In mathematics, the automorphism group of an object X is the group consisting of automorphisms of X. For example, if X is a finite-dimensional vector space, then the automorphism group of X is the general linear group of X, the group of invertible linear transformations from X to itself.
Especially in geometric contexts, an automorphism group is also called a symmetry group. A subgroup of an automorphism group is called a transformation group (especially in old literature).
- The automorphism group of a set X is precisely the symmetric group of X.
- A group homomorphism to the automorphism group of a set X amounts to a group action on X: indeed, each left G-action on a set X determines , and, conversely, each homomorphism defines an action by .
- Let be two finite sets of the same cardinality and the set of all bijections . Then , which is a symmetric group (see above), acts on from the left freely and transitively; that is to say, is a torsor for (cf. #In category theory).
- The automorphism group of a finite cyclic group of order n is isomorphic to with the isomorphism given by . In particular, is an abelian group.
- Given a field extension , its automorphism group is the group consisting of field automorphisms of L that fix K: it is better known as the Galois group of .
- The automorphism group of the projective n-space over a field k is the projective linear group
- The automorphism group of a finite-dimensional real Lie algebra has the structure of a (real) Lie group (in fact, it is even a linear algebraic group: see below). If G is a Lie group with Lie algebra , then the automorphism group of G has a structure of a Lie group induced from that on the automorphism group of .
- Let P be a finitely generated projective module over a ring R. Then there is an embedding , unique up to inner automorphisms.
In category theory
Automorphism groups appear very naturally in category theory.
If X is an object in a category, then the automorphism group of X is the group consisting of all the invertible morphisms from X to itself. It is the unit group of the endomorphism monoid of X. (For some examples, see PROP.)
If are objects in some category, then the set of all is a left -torsor. In practical terms, this says that a different choice of a base point of differs unambiguously by an element of , or that each choice of a base point is precisely a choice of a trivialization of the torsor.
If and are objects in categories and , and if is a functor mapping to , then induces a group homomorphism , as it maps invertible morphisms to invertible morphisms.
In particular, if G is a group viewed as a category with a single object * or, more generally, if G is a groupoid, then each functor , C a category, is called an action or a representation of G on the object , or the objects . Those objects are then said to be -objects (as they are acted by ); cf. -object. If is a module category like the category of finite-dimensional vector spaces, then -objects are also called -modules.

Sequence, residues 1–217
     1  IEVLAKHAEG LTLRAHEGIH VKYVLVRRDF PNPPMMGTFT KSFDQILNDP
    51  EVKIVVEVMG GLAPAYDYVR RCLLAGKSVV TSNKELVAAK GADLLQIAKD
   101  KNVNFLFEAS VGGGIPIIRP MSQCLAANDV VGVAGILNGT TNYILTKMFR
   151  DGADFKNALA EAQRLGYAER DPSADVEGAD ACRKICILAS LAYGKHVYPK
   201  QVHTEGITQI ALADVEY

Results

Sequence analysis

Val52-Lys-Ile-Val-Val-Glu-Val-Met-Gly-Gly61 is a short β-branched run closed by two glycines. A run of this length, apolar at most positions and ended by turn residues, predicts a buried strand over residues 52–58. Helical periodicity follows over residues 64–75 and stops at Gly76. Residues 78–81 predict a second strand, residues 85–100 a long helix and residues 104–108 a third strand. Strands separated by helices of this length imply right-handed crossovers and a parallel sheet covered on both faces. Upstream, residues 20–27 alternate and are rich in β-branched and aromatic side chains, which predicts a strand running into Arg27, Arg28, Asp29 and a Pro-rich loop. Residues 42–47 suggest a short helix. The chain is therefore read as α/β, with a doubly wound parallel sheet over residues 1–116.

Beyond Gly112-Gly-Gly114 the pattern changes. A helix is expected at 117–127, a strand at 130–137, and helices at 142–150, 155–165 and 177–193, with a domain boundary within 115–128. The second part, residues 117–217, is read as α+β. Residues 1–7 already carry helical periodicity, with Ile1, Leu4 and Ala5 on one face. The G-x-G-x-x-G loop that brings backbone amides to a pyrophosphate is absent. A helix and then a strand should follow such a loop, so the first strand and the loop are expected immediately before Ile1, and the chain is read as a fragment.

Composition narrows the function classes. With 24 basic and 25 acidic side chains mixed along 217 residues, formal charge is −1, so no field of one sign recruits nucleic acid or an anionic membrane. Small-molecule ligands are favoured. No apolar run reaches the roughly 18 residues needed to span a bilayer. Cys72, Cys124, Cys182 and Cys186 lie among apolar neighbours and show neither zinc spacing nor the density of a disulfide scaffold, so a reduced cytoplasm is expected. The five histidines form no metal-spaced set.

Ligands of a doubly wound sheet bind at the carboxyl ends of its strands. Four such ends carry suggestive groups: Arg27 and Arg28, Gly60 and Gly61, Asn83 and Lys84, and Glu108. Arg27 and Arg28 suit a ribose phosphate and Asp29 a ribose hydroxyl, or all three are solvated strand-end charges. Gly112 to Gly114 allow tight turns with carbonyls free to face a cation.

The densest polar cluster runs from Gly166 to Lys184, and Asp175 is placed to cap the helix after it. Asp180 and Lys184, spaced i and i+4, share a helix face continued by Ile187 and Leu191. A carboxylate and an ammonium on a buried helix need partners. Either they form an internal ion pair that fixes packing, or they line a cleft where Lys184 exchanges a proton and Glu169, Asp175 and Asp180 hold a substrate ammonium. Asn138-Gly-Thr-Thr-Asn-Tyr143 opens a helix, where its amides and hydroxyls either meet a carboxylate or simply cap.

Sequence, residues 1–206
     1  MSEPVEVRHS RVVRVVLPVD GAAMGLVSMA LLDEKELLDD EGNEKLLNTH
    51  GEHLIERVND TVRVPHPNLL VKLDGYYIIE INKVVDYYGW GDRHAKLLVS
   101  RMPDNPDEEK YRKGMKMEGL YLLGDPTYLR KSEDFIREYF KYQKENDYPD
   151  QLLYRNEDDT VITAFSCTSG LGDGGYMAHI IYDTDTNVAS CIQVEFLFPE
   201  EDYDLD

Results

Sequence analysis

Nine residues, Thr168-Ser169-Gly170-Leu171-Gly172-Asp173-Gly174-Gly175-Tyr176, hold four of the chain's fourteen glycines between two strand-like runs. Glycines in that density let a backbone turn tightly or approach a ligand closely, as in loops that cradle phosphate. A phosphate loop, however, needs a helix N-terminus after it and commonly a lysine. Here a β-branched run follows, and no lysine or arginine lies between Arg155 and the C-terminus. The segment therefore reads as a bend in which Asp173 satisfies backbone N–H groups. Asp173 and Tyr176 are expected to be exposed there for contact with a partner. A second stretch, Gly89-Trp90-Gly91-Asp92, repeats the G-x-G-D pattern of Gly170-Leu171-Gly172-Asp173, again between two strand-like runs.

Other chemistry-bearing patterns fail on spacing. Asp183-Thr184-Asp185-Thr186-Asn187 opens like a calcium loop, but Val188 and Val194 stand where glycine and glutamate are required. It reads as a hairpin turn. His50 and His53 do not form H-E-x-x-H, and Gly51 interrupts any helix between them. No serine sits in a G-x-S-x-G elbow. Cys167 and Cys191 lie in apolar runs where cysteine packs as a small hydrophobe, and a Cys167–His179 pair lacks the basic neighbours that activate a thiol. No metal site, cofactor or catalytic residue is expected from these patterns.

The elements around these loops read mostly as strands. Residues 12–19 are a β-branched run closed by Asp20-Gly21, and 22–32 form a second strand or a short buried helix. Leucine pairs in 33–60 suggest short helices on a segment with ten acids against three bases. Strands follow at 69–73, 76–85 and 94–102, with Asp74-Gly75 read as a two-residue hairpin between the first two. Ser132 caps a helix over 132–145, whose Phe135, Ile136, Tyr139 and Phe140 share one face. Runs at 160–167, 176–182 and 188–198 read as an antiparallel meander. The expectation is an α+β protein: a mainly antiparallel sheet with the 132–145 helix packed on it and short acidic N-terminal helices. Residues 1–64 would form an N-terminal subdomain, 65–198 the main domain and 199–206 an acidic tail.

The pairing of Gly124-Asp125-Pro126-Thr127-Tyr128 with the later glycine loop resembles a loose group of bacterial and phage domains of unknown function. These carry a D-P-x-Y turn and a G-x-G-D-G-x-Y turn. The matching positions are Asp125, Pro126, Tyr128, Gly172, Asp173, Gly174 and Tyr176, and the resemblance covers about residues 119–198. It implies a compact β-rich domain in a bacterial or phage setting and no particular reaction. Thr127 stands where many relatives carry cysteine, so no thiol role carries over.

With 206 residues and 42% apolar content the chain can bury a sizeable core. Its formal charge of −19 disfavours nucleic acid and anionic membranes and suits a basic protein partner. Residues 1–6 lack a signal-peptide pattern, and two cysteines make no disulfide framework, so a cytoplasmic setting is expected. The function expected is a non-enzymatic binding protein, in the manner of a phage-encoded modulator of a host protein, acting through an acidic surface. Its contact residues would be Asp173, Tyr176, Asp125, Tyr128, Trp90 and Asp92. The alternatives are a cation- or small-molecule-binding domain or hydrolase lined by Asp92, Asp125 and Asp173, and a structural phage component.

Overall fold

Automorphism group functor
Let be a finite-dimensional vector space over a field k that is equipped with some algebraic structure (that is, M is a finite-dimensional algebra over k). It can be, for example, an associative algebra or a Lie algebra.
Now, consider k-linear maps that preserve the algebraic structure: they form a vector subspace of . The unit group of is the automorphism group . When a basis on M is chosen, is the space of square matrices and is the zero set of some polynomial equations, and the invertibility is again described by polynomials. Hence, is a linear algebraic group over k.
Now base extensions applied to the above discussion determines a functor: namely, for each commutative ring R over k, consider the R-linear maps preserving the algebraic structure: denote it by . Then the unit group of the matrix ring over R is the automorphism group and is a group functor: a functor from the category of commutative rings over k to the category of groups. Even better, it is represented by a scheme (since the automorphism groups are defined by polynomials): this scheme is called the automorphism group scheme and is denoted by .
In general, however, an automorphism group functor may not be represented by a scheme.
- Dummit & Foote, § 2.3. Exercise 26.
- Hartshorne, Ch. II, Example 7.1.1.
- Hochschild, G. (1952). "The Automorphism Group of a Lie Group". Transactions of the American Mathematical Society. 72 (2): 209–216. JSTOR 1990752.
- (following Fulton–Harris, Exercise 8.28.) First, if G is simply connected, the automorphism group of G is that of . Second, every connected Lie group is of the form where is a simply connected Lie group and C is a central subgroup and the automorphism group of G is the automorphism group of that preserves C. Third, by convention, a Lie group is second countable and has at most coutably many connected components; thus, the general case reduces to the connected case.
- Milnor, Lemma 3.2.
- Waterhouse, § 7.6.
- Dummit, David S.; Foote, Richard M. (2004). Abstract Algebra (3rd ed.). John Wiley & Sons. ISBN 978-0-471-43334-7.
- Fulton, William; Harris, Joe (1991). Representation theory. A first course. Graduate Texts in Mathematics, Readings in Mathematics. 129. New York: Springer-Verlag. doi:10.1007/978-1-4612-0979-9. ISBN 978-0-387-97495-8. MR 1153249. OCLC 246650103.
- Hartshorne, Robin (1977), Algebraic Geometry, Graduate Texts in Mathematics, 52, New York: Springer-Verlag, ISBN 978-0-387-90244-9, MR 0463157
- Milnor, John Willard (1971), Introduction to algebraic K-theory, Annals of Mathematics Studies, 72, Princeton, NJ: Princeton University Press, MR 0349811, Zbl 0237.18005
- William C. Waterhouse, Introduction to Affine Group Schemes, Graduate Texts in Mathematics vol. 66, Springer Verlag New York, 1979.